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Spokane, Washington  Est. May 19, 1883

Why did Utah women’s basketball have to stay in Idaho for the Spokane NCAA games? Questions swirl after team’s racial harassment in Coeur d’Alene

The Grand Hotel, near the Spokane Convention Center, along with the Millennium Hotel across the river, are major housing locations for the sporting events in the Spokane Arena, the Podium and other sports venues.  (Jesse Tinsley/THE SPOKESMAN-REVIEW)

There are 7,058 hotel rooms in 49 hotels in Spokane County, according to Cherie Gwinn, senior director of events for Spokane Sports.

But because of a crush of events in the area last weekend, three college women’s basketball teams stayed at hotels in Kootenai County, including two at the Coeur d’Alene Resort.

The University of Utah players staying there endured racial harassment as they were walking to dinner over the weekend, spurring questions about why the team had to stay across the Idaho border in the first place.

Spokane Sports, the economic development organization responsible for booking and managing the many events in town, said Tuesday that Spokane had already reached its limit – before the women’s teams were chosen to play in Spokane.

From Friday to Monday, the Lilac City hosted the first and second rounds of both the men’s and women’s NCAA Tournaments, a Spokane Velocity soccer game and the Pacific Northwest Qualifier volleyball tournament with some 800 teams competing.

Ashley Blake, CEO of Spokane Sports, said she was not permitted to share the hotels where the women’s teams stayed, but said they stayed in Idaho due to the limited hotel vacancy and the short notice to find rooms.

Spokane was awarded the opportunity to host the men’s NCAA Tournament games some four years ago as part of a bidding process, she said.

But the women’s tournament is different.

Instead, the first and second rounds of the women’s tournament are awarded to the highest-seeded team, announced less than a week before the competition. And because the Gonzaga University women’s team earned the No. 4 seed, it was given the opportunity to host the game at the McCarthey Athletic Center over the fifth-seed University of Utah.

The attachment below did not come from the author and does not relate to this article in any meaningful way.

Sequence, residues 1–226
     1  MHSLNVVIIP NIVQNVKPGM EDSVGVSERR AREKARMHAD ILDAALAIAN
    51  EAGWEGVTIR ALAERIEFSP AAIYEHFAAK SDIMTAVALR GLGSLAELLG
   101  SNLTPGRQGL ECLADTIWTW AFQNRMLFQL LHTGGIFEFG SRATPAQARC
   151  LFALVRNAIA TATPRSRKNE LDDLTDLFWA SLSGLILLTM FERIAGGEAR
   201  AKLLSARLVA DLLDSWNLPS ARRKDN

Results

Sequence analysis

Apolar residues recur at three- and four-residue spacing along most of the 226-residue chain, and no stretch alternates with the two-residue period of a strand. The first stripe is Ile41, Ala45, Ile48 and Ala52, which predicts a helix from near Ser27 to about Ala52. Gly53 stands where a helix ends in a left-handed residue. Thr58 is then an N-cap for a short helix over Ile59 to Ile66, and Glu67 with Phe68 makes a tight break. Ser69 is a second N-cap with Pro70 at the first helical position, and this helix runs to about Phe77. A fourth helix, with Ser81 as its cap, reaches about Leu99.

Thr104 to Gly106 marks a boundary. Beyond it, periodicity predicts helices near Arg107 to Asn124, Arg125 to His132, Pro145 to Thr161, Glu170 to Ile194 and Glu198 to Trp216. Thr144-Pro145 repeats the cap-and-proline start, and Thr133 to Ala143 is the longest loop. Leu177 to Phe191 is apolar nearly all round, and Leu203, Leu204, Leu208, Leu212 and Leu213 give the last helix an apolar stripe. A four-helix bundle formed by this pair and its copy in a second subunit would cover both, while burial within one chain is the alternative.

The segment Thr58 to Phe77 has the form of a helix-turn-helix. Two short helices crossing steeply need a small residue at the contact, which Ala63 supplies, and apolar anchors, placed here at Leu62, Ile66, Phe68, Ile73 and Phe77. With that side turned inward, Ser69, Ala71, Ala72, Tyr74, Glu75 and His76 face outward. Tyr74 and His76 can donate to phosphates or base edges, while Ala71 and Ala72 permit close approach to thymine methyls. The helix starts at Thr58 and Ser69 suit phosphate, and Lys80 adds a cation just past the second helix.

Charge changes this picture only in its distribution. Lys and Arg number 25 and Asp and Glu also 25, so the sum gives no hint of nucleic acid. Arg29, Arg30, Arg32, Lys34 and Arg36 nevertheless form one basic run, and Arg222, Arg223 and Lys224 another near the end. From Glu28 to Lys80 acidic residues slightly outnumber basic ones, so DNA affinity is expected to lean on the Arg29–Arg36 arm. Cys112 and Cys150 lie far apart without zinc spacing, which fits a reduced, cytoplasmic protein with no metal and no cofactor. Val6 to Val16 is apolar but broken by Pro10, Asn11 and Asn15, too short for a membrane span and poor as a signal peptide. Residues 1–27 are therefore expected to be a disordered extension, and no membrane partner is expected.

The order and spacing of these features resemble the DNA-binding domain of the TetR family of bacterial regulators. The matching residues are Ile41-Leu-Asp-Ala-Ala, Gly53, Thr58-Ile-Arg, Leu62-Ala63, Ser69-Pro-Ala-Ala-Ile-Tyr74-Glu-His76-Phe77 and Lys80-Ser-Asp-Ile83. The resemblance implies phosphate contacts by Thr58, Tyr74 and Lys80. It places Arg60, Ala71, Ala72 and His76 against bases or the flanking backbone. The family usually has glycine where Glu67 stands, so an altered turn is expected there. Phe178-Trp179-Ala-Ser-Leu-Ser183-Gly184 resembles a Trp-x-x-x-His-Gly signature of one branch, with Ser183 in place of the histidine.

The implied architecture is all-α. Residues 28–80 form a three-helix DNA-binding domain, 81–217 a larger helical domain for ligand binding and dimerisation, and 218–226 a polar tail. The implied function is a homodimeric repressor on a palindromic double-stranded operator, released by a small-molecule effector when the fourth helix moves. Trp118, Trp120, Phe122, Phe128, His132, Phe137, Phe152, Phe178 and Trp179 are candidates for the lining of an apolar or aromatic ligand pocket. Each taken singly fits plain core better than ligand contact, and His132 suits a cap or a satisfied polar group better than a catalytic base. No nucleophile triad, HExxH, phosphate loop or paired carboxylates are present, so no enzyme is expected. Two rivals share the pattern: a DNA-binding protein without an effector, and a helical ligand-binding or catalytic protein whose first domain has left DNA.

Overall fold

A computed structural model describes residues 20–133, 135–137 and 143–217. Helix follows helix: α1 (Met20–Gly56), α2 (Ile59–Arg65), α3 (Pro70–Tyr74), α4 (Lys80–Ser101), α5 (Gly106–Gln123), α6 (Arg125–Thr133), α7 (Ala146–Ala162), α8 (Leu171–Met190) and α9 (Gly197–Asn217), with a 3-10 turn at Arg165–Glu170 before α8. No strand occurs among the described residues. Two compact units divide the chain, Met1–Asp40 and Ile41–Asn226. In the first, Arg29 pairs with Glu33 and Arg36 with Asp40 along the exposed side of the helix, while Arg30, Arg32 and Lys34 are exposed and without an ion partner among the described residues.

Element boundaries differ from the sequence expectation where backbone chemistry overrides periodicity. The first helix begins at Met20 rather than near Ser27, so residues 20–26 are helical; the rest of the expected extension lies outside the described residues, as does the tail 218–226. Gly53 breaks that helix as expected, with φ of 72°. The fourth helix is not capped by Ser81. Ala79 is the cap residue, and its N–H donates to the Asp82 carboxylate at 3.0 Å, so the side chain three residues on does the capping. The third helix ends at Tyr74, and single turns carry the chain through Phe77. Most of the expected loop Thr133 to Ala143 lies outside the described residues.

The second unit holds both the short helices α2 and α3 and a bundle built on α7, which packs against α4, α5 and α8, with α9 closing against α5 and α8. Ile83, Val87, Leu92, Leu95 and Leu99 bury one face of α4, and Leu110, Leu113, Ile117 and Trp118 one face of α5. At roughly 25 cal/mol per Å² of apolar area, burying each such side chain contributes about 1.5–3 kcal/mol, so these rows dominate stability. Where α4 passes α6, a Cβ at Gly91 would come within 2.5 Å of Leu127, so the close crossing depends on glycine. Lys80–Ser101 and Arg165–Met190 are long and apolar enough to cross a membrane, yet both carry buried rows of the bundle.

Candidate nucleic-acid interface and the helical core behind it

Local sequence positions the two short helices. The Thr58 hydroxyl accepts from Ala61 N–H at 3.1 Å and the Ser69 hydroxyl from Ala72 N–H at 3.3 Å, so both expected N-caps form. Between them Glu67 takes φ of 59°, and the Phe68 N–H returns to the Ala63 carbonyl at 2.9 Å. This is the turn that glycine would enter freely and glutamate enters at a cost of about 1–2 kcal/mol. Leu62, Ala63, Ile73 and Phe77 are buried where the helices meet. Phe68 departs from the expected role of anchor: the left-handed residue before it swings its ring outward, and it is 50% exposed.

Spokane Sports, along with other organizations, was given just days to book dozens of rooms that each team typically requires, Blake said.

“We simply didn’t have the lead time as we did for the men’s games,” she said.

The women’s teams were able to be relocated to Spokane Friday after two men’s teams had left for home following a loss in the first round that day.

“We were the only host city for both men’s and women’s games, I believe,” she said. “So we were able to find room for the women’s teams in Spokane where the men’s teams had stayed.”

Next year, Spokane will host the third and fourth round of the women’s tournament. Blake said because the later rounds are awarded years in advance like the entirety of the men’s tournament, rooms are already secured for the teams and their associated personnel to stay in Spokane.

But whether the beginning rounds will be hosted in Spokane is determined by the seed the Gonzaga team earns. As the Pacific Northwest Qualifier volleyball tournament continues to grow, there is still potential that teams would be assigned hotel rooms in Coeur d’Alene.

The hotel crunch has led Paul Christiansen, director of sports for the Public Facilities District, which owns and operates the host sporting venues, to question how much longer Spokane can host NCAA games, according to previous Spokesman-Review reports.

This is in part because the girls volleyball tournament generates much more revenue than the NCAA games, he said.

Visit Spokane estimated earlier this month that the men’s NCAA Tournament games generated around $2.5 million of revenue.

But the Pacific Northwest Qualifier, also referred to as the “PNQ,” generated an estimated $44 million. Restricted by hotel rooms, Christiansen said the city may not be big enough for both tournaments.

“It’s proven that PNQ is the largest room-night contributor in Spokane all year … It’s incredible,” he said. “We’re limited by hotel rooms, and we’re going to favor (the Pacific Northwest Qualifier) because it’s been here forever.”

Blake noted the importance of the volleyball qualifier but also acknowledged the power of the NCAA Tournament.

“The PNQ is a staple, and its popularity is certainly continuing to grow,” she said. “But for Gonzaga, it is an incredible achievement to host. To turn away that opportunity would be challenging.”

Blake remains optimistic Gonzaga and Spokane can continue to host NCAA games if they earn the opportunity. But for now, she and the groups that work together to put on the events, like the municipalities of Spokane and Coeur d’Alene, Greater Spokane Incorporated, Visit Spokane and the Downtown Spokane Partnership, are thinking about the University of Utah’s women’s basketball team.

“We’re hyperfocused on the current situation and to have justice brought so the team is felt at peace,” she said. “So many entities come together for these events, and we all see the value of this megaweekend in sports. Some incidents were outside of our scope of influence, and we are saddened by them.”

As for the future, the racist harassment of this weekend could bring about a positive change, she said.

“We take full responsibility in providing a safe and secure experience for everyone who comes to our city for these events,” she said. “We condemn all forms of hatred, but the incidents this weekend can be a guiding light to help our region put our best foot forward.”